Sometimes I play solo acoustic gigs. Usually they’re in a restaurant where I’m just a bit of background music while people are eating and conversing with friends and loved ones. A gig is a gig, and part of ensuring the best possible gig and being booked again is realizing what your role is in the situation. As much as I like being the center of attention when I have a guitar in my hand, that’s usually not the case with solo acoustic gigs.
When I first started playing solo acoustic gigs, I had an acoustic/electric guitar into the original Digitech Jamman looper pedal, then into the PA. I would use the looper pedal to create a rhythm track to solo over. I developed this strategy pretty much so I can spend more time playing guitar and less time torturing patrons with my singing. The acoustic guitar I used was somewhat easy to solo on, not the easiest, but I could make it work. But, the preamp in that acoustic/electric stopped working one day, so I needed to find another method.
Enter the Boss AC-3 Acoustic Simulator. I picked it up for a bargain on Reverb.com to give it a shot. For live purposes, it really does a realistic acoustic sound, or at least sounds as good as the preamp I had in my acoustic/electric guitar going direct into the PA. When using an electric guitar with the AC-3, I found the best sound is with a middle or neck position single coil pickup. A bridge pickup just sounds too bright and thin no matter how you EQ it. The other great feature is it has 2 outputs: one to go to the PA, and one to go to a guitar amp. When you have both outputs utilized it toggles between the two.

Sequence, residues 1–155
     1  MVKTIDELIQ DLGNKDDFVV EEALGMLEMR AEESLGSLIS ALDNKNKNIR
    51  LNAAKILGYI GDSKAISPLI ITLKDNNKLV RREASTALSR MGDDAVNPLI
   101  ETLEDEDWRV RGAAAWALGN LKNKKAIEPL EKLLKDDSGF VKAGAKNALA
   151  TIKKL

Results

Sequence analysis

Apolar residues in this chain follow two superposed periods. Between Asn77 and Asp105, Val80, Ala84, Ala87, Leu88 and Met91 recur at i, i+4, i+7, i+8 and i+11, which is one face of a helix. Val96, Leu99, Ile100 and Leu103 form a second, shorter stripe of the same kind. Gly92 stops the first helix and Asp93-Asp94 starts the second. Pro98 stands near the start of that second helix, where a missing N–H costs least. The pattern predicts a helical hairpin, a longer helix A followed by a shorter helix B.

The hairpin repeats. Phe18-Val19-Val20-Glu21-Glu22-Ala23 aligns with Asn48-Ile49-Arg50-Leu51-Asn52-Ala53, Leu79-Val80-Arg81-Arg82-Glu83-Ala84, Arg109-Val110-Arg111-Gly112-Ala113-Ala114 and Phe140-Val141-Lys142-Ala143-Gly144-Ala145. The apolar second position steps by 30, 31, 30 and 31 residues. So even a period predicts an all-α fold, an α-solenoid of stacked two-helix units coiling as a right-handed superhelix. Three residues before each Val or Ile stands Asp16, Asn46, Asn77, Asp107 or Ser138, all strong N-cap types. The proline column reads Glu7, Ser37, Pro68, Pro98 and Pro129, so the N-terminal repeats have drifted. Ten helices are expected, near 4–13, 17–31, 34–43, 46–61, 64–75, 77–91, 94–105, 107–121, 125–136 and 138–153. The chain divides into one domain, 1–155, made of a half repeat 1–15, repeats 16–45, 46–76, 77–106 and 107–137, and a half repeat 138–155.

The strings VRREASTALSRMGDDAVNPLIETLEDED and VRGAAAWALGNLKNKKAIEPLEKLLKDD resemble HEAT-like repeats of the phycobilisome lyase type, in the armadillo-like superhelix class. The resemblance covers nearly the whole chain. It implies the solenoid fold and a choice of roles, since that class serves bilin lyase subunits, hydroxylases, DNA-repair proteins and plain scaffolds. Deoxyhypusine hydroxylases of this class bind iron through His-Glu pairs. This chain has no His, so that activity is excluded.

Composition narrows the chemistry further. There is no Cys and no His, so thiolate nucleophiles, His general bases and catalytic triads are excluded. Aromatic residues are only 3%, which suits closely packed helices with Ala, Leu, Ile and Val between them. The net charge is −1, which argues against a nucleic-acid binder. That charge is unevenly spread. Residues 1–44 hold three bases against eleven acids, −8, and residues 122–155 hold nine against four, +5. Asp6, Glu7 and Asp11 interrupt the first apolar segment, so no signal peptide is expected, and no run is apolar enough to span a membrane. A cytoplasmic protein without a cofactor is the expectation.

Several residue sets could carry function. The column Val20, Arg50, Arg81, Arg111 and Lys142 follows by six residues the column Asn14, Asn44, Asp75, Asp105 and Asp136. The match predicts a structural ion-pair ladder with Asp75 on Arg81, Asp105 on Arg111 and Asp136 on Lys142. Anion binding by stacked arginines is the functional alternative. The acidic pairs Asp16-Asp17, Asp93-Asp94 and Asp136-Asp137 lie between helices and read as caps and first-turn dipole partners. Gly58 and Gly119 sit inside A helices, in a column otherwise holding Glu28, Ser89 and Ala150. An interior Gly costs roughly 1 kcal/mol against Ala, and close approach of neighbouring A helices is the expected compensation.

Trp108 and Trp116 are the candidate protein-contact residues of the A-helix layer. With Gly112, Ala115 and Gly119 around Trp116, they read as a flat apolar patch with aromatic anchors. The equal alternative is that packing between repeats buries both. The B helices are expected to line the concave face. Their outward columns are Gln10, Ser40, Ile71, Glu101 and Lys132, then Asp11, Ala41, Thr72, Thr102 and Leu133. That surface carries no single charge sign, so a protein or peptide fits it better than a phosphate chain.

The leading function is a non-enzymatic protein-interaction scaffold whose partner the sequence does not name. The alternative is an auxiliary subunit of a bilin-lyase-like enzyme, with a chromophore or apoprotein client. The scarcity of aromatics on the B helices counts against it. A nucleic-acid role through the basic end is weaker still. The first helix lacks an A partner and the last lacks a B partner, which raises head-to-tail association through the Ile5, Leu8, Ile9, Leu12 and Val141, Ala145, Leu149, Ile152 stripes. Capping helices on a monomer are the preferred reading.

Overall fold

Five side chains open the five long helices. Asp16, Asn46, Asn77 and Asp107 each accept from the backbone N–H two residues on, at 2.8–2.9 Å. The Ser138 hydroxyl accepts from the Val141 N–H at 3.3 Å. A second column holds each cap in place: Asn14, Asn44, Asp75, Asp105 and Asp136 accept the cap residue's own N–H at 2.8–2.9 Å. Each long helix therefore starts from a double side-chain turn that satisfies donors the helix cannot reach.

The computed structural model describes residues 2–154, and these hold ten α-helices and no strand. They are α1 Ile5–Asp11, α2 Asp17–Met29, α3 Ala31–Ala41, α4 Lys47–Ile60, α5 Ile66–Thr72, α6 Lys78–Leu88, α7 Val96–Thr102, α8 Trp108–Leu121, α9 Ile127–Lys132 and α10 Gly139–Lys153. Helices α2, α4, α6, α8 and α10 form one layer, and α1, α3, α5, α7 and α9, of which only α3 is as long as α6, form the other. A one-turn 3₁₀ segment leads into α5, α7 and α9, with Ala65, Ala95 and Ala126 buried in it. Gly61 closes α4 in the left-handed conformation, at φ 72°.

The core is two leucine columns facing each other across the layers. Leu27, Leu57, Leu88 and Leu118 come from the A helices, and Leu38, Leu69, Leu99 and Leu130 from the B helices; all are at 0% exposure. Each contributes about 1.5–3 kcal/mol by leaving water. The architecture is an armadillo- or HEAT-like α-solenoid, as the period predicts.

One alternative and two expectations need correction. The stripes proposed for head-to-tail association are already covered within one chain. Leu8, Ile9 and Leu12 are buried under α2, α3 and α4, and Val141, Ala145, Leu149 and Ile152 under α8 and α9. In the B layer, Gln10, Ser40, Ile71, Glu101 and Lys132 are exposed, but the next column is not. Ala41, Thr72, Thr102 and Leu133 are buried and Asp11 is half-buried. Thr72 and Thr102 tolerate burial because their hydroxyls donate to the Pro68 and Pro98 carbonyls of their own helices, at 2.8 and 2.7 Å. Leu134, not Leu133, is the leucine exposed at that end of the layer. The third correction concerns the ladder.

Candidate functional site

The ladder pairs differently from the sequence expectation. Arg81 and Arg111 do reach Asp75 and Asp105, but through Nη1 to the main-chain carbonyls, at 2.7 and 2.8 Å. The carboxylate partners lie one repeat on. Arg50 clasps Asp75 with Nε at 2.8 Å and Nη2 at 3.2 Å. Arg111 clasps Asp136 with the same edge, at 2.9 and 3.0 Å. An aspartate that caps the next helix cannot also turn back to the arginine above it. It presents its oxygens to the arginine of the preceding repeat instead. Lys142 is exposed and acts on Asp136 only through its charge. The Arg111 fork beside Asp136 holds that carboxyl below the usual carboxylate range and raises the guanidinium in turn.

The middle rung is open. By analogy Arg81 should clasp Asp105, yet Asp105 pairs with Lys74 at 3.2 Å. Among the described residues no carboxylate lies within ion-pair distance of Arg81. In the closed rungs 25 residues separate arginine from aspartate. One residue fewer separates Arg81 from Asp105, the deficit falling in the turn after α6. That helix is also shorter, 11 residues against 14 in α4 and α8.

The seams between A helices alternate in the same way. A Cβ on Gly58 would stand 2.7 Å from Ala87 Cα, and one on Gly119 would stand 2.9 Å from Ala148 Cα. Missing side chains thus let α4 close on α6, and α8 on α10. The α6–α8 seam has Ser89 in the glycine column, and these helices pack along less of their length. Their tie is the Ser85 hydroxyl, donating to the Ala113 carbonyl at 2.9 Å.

Enter the next secret weapon for my solo acoustic gig: the Digitech DF-7 Distortion Factory pedal. It has 7 different distortion models that sound pretty decent with some powerful EQ control. But the best feature of this pedal is it has 2 outputs as well: one with cab simulation for going to a mixer and one without cab simulation for going to a guitar amp. I use this pedal for soloing once I create an acoustic rhythm loop, usually with the Proco Rat distortion model on a lower gain setting.
To tie it all together, the Digitech Jamman Express is a must have for my acoustic pedalboard because it’s what allows me to create the rhythm loops so I can solo over them and create a one man duo. I used to have the original Jamman for this function, but it never played nice being daisy-chained with other pedals. It always had to have its own wall-wart supply or else it would add a ridiculous amount of noise into the signal. The Jamman Express, however, can be daisy-chained with other pedals without adding noise, and it’s stereo!
Although there are only 4 pedals on this board, the signal routing is a little unorthodox due to the multiple output options of the AC-3 and the DF-7. It goes:
Tuner -> Boss AC-3 -> Mixer Ouput to one channel of the Jamman and Guitar Amp Output to DF-7 -> DF-7 Mixer Out to the other input of Jamman.
What this signal flow allows me to do is have two signal chains coming out of the Jamman; one for the acoustic simulation and one for an amp simulated electric sound. Each of these will get their own channel on the mixer to EQ properly.
I rarely buy any guitar gear new and it took some hunting on Reverb.com and eBay to maximize the frugality and functionality of this board. Here is what it cost to put the board together:
Behringer Tuner: $20
Boss AC-3: $40
Digitech DF-7: $35
Digitech Jamman Express: $50
Mooer Pedalboard: $25
One-Spot Power Supply: $15
Grand Total: $185.
Being able amp to cover the role of two guitarists by myself: Priceless
Please subscribe to my email list to know when I hit y’all with more frugal knowledge!